MIT's Computer Science and Artificial Intelligence Laboratory (CSAIL) is ready to deploy the autonomous passenger boat it's been developing over the past six years. The vehicle, called the Roboat, has been through multiple iterations — just last year, the lab tested a version that can carry two passengers. This year, Roboat's creators are launching its full-scale version, which can carry up to five passengers, collect waste and deliver goods, in Amsterdam.
The current Roboat has futuristic looks with its black and grey design and two seats facing each other. It's fully electric with 10 hours of battery life on a single charge and has wireless charging capabilities. MIT CSAIL Director Daniela Rus says it's more precise and has more robust perception, navigation and control systems that its predecessors. It also comes with new features, including close proximity approach mode that makes docking to a port or connecting to another boat easier, as well as better dynamic positioning that will help it better navigate real-world waters.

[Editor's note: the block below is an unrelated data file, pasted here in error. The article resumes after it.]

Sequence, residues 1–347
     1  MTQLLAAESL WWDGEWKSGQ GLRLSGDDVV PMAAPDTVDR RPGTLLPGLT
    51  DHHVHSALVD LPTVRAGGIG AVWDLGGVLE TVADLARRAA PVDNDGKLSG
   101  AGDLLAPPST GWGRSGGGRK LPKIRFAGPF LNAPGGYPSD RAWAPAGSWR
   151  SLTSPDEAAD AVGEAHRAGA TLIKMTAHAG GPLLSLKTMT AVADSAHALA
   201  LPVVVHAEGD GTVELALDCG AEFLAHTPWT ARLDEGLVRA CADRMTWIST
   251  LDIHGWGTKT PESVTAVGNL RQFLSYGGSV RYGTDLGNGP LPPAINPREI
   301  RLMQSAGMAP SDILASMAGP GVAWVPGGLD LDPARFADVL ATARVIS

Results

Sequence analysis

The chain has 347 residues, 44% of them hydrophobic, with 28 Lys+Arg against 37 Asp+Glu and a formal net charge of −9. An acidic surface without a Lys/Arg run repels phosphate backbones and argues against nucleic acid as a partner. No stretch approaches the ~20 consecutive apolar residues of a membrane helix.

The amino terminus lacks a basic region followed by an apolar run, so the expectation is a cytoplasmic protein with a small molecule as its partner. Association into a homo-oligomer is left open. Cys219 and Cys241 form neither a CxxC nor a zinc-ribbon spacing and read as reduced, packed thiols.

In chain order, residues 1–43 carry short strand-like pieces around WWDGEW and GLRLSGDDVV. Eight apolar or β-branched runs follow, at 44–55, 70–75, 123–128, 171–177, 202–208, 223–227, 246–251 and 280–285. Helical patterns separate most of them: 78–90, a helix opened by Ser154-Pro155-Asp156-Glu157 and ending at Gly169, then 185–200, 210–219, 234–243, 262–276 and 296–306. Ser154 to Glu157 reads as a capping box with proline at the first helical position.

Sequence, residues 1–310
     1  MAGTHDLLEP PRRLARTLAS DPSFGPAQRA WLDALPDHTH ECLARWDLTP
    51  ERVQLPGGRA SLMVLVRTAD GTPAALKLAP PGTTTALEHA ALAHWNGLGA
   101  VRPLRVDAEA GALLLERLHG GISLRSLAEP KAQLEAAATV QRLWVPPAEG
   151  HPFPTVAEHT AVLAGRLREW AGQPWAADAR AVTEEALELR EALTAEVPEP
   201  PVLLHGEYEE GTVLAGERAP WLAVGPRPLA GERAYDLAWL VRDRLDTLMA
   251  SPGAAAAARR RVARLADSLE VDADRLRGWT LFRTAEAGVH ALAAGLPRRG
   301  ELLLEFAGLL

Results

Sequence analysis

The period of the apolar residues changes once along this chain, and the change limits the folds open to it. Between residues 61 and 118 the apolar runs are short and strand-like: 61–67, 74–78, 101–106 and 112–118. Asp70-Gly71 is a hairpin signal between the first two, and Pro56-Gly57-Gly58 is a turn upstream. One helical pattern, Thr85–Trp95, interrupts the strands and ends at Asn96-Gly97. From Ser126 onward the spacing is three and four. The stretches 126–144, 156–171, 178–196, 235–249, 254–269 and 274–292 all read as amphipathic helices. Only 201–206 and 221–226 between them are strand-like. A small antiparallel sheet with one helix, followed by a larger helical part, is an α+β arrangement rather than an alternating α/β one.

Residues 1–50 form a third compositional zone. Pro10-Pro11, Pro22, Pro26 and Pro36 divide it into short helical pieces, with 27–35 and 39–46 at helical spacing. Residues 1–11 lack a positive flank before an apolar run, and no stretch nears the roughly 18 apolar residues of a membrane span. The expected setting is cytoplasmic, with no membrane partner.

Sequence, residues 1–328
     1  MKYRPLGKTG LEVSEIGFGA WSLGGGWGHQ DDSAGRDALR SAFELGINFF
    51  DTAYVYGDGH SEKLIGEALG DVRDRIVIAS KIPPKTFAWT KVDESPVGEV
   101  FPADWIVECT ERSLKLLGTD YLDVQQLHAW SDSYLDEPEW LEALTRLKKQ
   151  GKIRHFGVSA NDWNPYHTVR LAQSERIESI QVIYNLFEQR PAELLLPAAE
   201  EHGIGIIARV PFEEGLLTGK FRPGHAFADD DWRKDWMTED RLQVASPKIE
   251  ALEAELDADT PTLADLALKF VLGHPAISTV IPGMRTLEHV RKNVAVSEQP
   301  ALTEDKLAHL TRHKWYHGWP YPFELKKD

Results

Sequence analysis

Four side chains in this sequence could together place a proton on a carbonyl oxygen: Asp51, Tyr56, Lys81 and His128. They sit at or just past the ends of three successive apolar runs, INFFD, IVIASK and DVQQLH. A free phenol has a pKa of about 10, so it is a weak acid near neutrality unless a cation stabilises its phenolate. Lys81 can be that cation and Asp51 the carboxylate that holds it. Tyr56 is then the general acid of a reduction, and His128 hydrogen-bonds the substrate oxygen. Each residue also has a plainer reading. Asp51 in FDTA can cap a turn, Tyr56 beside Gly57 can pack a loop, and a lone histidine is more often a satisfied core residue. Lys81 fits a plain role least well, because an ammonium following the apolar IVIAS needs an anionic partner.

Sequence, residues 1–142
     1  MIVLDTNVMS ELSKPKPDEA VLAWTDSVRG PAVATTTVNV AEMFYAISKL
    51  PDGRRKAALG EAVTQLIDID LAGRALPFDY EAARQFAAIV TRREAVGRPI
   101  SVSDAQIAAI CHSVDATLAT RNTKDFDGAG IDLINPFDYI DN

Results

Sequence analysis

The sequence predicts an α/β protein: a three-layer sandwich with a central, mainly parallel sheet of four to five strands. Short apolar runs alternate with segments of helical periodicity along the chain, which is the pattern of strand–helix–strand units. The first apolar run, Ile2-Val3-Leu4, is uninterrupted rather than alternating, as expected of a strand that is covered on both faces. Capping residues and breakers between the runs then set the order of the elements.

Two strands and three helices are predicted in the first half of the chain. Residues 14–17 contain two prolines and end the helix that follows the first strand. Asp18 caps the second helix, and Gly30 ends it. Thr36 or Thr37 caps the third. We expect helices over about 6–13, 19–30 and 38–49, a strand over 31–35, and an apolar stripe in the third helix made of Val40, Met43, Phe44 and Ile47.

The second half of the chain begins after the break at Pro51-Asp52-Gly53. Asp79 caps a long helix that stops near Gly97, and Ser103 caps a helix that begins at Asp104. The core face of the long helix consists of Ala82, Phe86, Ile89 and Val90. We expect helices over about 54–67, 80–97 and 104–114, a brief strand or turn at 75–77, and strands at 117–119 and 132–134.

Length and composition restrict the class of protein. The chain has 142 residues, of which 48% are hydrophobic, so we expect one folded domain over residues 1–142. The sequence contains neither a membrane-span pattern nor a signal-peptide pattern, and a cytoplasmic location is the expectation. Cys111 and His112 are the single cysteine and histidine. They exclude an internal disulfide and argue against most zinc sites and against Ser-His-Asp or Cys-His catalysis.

The vehicle's autonomous driving technology is similar to ones used by self-driving cars, according to CSAIL, and operates by using GPS to decide on a safe route from point A to point B. Roboat also uses LIDAR and several cameras to enable a 360-degree view that gives it a way to determine its path and avoid crashing into obstacles. The vehicle can operate on its own round-the-clock, but an onshore operator will monitor it remotely from a control center: A single operator will be able to monitor up to 50 Roboat units.
The new Roboats will debut on October 28th in the waters of Amsterdam. Stephan van Dijk, Director of Innovation at Amsterdam Institute for Advanced Metropolitan Solutions, said: "The historic centre of Amsterdam is the perfect place to start, with its capillary network of canals suffering from contemporary challenges, such as mobility and logistics."